Book Review: Touch Not the Cat (1976) by Mary Stewart
Touch Not the Cat is a romantic suspense novel by the late, great Mary Stewart. The tale follows the travails and triumphs of one Bryony Ashley, a young, thoughtful woman. Bryony is one in a long line of Ashleys responsible for looking after the family estate of Ashley Court. But when tragedy strikes, what potentially murderous secrets will the old ancestral home reveal?
The Burdens of Home
Bryony is working as a hotel receptionist in Spain when she learns of her father’s sudden death in an apparent hit-and-run accident in Austria. Grieving, she returns to the ancestral home in England, to Ashley Court, to begin to deal with all the details of the death. She is alone. Her mother died when Bryony was a child. And an inheritance clause, written in stone many generations back, ensures that Bryony cannot inherit Ashley Court. Ashley Court must go to a male heir, that would be to her father’s cousin and his three sons.
There is no longer the manpower nor the money to maintain Ashley Court as it once was. Much of the land has been sold off, public tours and rich American tenants are about the only source of income on the old estate. Bryony and her father had long since moved out of the manor house and into a cottage on the grounds.
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The testament has many complicated clauses, and as it’s all being sorted, the heirs apparent return to Ashley Court, her beautiful second cousins, identical twins, Emory and James. They are pressuring her for a quick sign-over of the estate. But she’s noticing valuables missing from the manor house. And her father’s dying words, transcribed by a dutiful police officer in Austria, are a haunting riddle, alluding to a secret that he should have told her.
Amidst her grief, she senses something amiss. And she senses something more – love.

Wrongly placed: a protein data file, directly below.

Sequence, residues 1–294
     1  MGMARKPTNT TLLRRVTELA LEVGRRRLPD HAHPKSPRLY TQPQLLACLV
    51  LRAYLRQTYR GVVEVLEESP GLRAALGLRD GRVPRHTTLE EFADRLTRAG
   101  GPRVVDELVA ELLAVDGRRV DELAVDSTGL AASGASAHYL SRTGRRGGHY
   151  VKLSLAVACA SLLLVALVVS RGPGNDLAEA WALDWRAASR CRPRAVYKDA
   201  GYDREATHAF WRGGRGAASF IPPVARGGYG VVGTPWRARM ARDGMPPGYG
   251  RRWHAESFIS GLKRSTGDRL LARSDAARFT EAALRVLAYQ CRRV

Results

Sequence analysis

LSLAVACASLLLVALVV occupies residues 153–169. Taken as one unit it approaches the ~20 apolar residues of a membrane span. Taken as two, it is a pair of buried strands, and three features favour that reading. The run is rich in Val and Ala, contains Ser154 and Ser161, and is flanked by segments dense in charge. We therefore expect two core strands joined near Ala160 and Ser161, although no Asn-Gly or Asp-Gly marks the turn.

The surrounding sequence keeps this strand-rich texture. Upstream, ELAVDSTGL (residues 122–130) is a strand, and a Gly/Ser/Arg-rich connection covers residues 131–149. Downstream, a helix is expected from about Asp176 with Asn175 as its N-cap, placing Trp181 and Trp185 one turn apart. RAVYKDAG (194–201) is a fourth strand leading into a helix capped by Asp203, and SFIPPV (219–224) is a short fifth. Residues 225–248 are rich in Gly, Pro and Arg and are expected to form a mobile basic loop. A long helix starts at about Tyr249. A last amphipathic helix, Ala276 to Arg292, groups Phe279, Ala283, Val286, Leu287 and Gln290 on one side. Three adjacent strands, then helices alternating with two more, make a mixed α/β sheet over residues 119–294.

A Lover Unknown to Even Herself
You see, Bryony has an unknown lover, a lover unknown to even herself. Gifted with the Ashley sight – it runs in the family – Bryony has had a telepathic connection to an unknown person for much of her life. They communicate via thought blocks – images, feelings, thoughts just popping up in her head – so she has no voice, no face, no nothing to indicate as to who this man is. She assumes that it must be someone in the family, must be someone of Ashley blood, and is, therefore, convinced that one of her second cousins is the man. But which one? How will she know? And what happens when an unknown lover becomes known? Does it disappoint?
So, Bryony has returned home to not just sort out her father’s affairs and solve his dying riddle, but to shed light on her own riddle as well, to find out just who she has been baring her soul to for all these years. And can I just say that when she does find this man, well, it’s pit-of-your-stomach good! A warm, tingling, sighing “Yes!” I’ll admit to rereading the passage a couple of times after having finished the book. Yeah, it’s that romantically good.
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And, overall, Touch Not the Cat is a good, good read. There are lots of Gothic elements, many even being played with. There’s a star-crossed-lovers, Romeo-and-Juliet theme going on here. And there’s a historical mystery from generations before, which needs solving in order to shed light on the present. Yeah, it’s good stuff.
Mary Stewart writes beautifully – witty, evocatively. There is perhaps a bit more purple prose than in the first of her novels that I read, fluffier descriptions about a certain unknown lover who’s just become known, but I won’t fault that. If you enjoy mysteries and romances, then this is a book for you.
Adaptation Recommendation: Touch Not the Cat should have been adapted to the screen ages ago. I can totally envision this as a 2- or 3-part miniseries. And the storyline could easily be updated to the present day if needs be. Although I do love a good period piece. So, if I could put a little bug in the BBC’s ear, it would be to take a gander at the works of Mary Stewart…
Content Note: Not much to come after. There is one usage of a racial slur, said by a minor character.
“You had me at hello.”
“You pierce my soul. I am half agony, half hope.
I have loved none but you.”
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